The third factor is the mental state. In this condition the mental capacity which impinges on judgement and the coordination ability of an individual. Being young is not a guarantee of possessing the requisite mental capacity to perform the duty of the president. However, relatively young person living under normal conditions has a high probability for an appropriate mental state of being. On the other hand, old age is a natural challenge to a person’s mental state. Most often than not, old age reduces the mental competence whereby forgetfulness becomes a consistent pattern of one’s life. At this situation, there is a high probability of wanting to solve contemporary problems with prescriptions that worked for us in the earlier stages of life. We may also increasingly become unsure of the integrity and capacity of the much younger generation, thus we tend to surround ourselves with people of our age. The old may interestingly adjust, which mental capacity has not substantially degenerated. President Buhari does not inspire the confidence for us to feel that his mental capacity has not significantly degenerated as not to excuse him from seek to take on the critical responsibility of a president.

Buhari’s vintage mental state is illustrated by the opening narratives in this essay. In common parlance he could be said to exhibit the attribute of a consistently confused mind. Medically, it would not be wrong to say that Buhari has been and still exhibits a progressive state of senility which is a natural consequence of old age in some persons. A critical assessment of the President reveals a progressive decline in mental coordination. Subjecting him to another term to contend with bludgeoning Nigerian Wahala which is fueled by the retired general’s subtle religious and tribal prejudices may see our President coming down with a full blown senile dementia.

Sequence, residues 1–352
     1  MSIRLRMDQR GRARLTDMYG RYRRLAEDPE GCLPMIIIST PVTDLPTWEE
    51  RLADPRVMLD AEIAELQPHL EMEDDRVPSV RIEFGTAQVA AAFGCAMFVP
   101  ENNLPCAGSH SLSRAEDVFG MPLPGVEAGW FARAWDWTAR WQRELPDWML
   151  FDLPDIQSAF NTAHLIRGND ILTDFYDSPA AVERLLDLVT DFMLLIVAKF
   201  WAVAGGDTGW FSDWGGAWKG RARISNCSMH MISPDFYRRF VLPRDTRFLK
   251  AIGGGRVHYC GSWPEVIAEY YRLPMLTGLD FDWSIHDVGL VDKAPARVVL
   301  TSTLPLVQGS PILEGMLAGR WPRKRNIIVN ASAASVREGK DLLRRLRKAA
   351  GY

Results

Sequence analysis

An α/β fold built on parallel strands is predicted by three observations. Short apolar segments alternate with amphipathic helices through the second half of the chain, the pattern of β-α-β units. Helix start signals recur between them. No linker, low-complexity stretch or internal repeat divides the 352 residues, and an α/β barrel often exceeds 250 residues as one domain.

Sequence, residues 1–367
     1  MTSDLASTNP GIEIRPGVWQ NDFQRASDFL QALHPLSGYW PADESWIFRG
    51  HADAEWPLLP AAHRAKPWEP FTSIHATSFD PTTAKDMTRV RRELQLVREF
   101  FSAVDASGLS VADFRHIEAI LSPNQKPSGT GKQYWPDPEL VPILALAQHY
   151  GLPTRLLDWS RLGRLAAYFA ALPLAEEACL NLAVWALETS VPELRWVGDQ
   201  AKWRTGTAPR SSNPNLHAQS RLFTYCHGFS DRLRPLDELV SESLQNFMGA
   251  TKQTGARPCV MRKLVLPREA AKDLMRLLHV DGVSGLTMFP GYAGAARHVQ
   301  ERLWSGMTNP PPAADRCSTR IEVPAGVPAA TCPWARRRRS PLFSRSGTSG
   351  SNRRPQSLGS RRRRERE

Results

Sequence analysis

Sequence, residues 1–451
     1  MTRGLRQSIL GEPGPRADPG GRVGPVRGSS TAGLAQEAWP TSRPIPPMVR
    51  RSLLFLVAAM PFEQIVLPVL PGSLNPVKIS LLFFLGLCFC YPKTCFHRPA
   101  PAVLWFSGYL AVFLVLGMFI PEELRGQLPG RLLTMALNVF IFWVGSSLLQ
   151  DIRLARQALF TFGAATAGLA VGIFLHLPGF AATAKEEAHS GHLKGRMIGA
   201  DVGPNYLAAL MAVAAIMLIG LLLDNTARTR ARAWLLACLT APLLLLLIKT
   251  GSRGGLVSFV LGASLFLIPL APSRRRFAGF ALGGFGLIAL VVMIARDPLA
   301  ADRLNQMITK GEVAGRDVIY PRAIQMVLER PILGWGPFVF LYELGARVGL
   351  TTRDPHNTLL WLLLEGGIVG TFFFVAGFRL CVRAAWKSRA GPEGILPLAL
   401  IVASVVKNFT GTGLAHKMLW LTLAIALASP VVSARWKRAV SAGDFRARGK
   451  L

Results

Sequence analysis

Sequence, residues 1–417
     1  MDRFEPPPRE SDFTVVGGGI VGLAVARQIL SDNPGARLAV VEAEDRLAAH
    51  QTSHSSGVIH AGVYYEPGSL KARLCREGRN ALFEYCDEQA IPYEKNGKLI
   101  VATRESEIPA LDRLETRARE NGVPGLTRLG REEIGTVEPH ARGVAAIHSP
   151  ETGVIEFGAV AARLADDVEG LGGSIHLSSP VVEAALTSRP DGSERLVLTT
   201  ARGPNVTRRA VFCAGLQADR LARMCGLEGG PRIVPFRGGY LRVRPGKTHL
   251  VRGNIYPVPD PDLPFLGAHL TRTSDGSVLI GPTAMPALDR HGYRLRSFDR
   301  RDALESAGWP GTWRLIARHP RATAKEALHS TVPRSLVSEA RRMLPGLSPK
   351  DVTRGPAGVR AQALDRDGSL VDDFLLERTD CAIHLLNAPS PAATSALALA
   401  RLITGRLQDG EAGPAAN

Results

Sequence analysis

It is dangerous to have a commander-in-chief with that state of mind as the chief executive of Nigeria. We should be mindful of the fact that executive actions that control the state derive from his instructions, which must be obeyed or disobeyed at the risk of grave sanctions. Are we going to predicate our good-luck on fortuitous insubordination of a cabal covered class of high level public officers in the event that the President’s instability takes a dangerous curve? Are we going to gamble on the romantic notion that it does not take the president to get all things presidential done? Are we going to tolerate presidential aides, family members, political contractors, and close political associates who know this fact to continue in dangerous denial while urging us to support an ailing president for an uncertain second tenure?

Indeed there is a grand pretence and a grand conspiracy against the old president and the Nigerian electorate. While the president is being encouraged in his ego of inscrutability, and near godlike sense of insensibility, the pauperized proletariat and the self denying elite are being hoodwinked and lobbied to support the president’s ambition. And with propaganda President Buhari is being projected as the only honest and patriotic Nigerian alive that can be a president in 2019 despite his monumental failure in his first outing – a failure which the APC propaganda spin doctors and indeed the establishment are desperately ascribing to the mess they claim the PDP created in sixteen years. They seem to have forgotten that they told Nigerians before the presidential election of 2015 that in less than two years in office they would solve all the problems of which magnitude they amplified even beyond what the reality has come to be.

Yet, Buhari aspires like a tragic hero oblivious of his nemesis. But are we to allow the roof to be brought on us? If old Buhari cannot see the man in the mirror, must we continue to regale him with the image of what he is not? Whatever part we play in the unfolding drama of the absurd we should know that in 2019 we would make our own destiny and must live with the outcome.

Finally, let the masquerades from the South West who seem to wave the talisman in Buhari’s favour while plotting and praying that fatal fate would throw them up to the captains seat in the precarious voyage post 2019 be reminded of this Benin adage that “whoever has his eyes on an old man’s shoes may end up going to heaven barefooted”. I dare say they may not have their heads on their shoulders when in a macabre dance of propitiation the old man finds them an irritation and a threat to establishing the empire of his childhood dream.